In doing so, Williams handed Storen a ticket for another of the worst nights of his career.
"If [Zimmermann] got in trouble in the ninth or got a baserunner, we were going to bring our closer in," Williams said. "That is what we have done all year. We decided to go with the closer."
In three pitches, the closer's night was over. Hunting a fastball, Buster Posey redirected Storen's first pitch back up the middle to put two men on base. Pablo Sandoval then fouled another fastball out of play before lining a Storen two-seamer down the left-field line for an RBI double. Had the Nationals not thrown Posey out at the plate on the play (which replay upheld), the game might have ended shortly thereafter.
Instead, the Nats and Giants played another nine innings of what became the longest game, by time -- and tied for the longest in innings -- in postseason history, giving Storen hours to stew over all that went wrong.
"It's a long grind of a game," Storen said. "Jordan pitched a great game, so you want to get in there and get that last out. It's disappointing to not close that out for him."
Afterward, it was a composed, somewhat curt Storen who refused to revisit the emotions of 2012. He said he was satisfied with the location of his pitches, particularly to Sandoval. Storen lauded the Giants third baseman for "a good piece of hitting." He spun everything forward toward Game 3, scheduled for Monday in San Francisco (5 p.m. ET, MLB Network).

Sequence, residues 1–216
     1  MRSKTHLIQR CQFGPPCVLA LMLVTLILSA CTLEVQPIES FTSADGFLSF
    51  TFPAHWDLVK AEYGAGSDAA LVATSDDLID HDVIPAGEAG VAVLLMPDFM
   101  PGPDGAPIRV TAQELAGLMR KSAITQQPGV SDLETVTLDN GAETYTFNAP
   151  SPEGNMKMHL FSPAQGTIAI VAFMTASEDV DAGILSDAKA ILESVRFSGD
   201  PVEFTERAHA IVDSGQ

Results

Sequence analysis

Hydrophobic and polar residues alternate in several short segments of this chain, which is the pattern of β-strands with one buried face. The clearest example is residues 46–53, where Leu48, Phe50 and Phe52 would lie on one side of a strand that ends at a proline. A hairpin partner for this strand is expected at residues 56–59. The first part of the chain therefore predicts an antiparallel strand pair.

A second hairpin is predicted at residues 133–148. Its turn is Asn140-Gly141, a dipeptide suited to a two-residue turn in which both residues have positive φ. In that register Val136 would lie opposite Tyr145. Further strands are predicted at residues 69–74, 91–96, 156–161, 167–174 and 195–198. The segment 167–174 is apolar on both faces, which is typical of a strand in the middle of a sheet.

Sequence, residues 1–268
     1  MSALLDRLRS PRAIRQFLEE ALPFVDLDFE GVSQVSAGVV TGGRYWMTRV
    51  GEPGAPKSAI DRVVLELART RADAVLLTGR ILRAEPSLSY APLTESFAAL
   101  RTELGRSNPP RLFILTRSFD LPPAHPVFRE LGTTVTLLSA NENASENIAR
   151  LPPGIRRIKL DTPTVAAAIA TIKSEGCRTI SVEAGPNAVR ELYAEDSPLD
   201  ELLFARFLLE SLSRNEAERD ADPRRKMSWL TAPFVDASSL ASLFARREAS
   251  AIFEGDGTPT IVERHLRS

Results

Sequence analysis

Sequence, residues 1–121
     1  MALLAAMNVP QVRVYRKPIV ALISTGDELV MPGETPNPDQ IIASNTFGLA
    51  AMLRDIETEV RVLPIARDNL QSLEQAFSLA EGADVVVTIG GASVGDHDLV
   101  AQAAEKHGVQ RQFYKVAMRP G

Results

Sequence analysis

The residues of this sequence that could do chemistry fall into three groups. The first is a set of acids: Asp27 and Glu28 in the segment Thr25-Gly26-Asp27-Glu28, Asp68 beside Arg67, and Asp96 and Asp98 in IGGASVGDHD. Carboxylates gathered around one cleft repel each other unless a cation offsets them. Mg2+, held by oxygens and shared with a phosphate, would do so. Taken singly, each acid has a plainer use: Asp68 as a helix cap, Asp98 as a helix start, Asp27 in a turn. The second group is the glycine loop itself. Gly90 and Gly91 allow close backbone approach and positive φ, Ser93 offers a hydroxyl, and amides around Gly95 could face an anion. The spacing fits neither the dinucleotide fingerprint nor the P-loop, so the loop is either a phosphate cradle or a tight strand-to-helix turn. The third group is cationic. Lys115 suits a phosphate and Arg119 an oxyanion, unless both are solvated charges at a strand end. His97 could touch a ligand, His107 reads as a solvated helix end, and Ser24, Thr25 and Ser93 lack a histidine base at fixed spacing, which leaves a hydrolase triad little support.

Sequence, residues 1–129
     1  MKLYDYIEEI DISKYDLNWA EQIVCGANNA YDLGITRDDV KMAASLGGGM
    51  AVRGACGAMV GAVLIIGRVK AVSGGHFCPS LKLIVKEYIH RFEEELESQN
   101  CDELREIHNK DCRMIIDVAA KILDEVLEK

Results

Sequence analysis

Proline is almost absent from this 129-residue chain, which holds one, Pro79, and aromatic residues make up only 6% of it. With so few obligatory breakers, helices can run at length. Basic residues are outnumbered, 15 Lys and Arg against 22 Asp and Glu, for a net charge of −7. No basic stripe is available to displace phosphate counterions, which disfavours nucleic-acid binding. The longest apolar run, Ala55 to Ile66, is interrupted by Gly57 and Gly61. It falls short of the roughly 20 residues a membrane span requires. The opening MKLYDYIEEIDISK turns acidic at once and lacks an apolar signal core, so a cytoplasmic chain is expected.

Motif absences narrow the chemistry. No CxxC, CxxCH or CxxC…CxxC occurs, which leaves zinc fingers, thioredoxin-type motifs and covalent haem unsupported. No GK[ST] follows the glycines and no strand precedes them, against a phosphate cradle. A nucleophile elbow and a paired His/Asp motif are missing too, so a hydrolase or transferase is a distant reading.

But the Nationals and their fans were left wondering what might have happened had Storen -- who after October 2012 did not earn his closer's job back until just last month -- never entered the game.
Fresh off a no-hitter on the regular season's final day, Zimmermann again appeared in vintage form heading into the ninth. In the dugout between innings, Williams and pitching coach Steve McCatty both approached him to ask how their right-hander felt. "Fine," came the answer. "I'm good to go."
Still, while Zimmermann may have retired 18 straight batters and thrown only 88 pitches, he had earned himself precious little leash. By the time he missed on a 1-0 fastball just off the outside corner to Giants second baseman Joe Panik, Storen was already warmed and ready in the home bullpen.
"It changed the whole at-bat," Zimmermann said of that pitch. "I had to come after him. I ended up missing and walking him."
That was enough for Williams to march out of the dugout and remove Zimmermann after 100 pitches, calling that his plan going into the inning. Williams said he did not see anything in particular in the Panik at-bat that made him remove Zimmermann; he had simply resolved to retrieve his pitcher if even a single Giants batter reached, recalling that Posey hit a ball hard his previous plate appearance. Zimmermann was aware that despite everything, he "was on a short leash" heading into the ninth.
"We took advantage of that," Sandoval said, citing a result -- like 2012's blown save against the Cardinals -- that is now etched into Nats postseason history.
"I made quality pitches, and [the hits] fell in," Storen said. "There's more baseball to be played."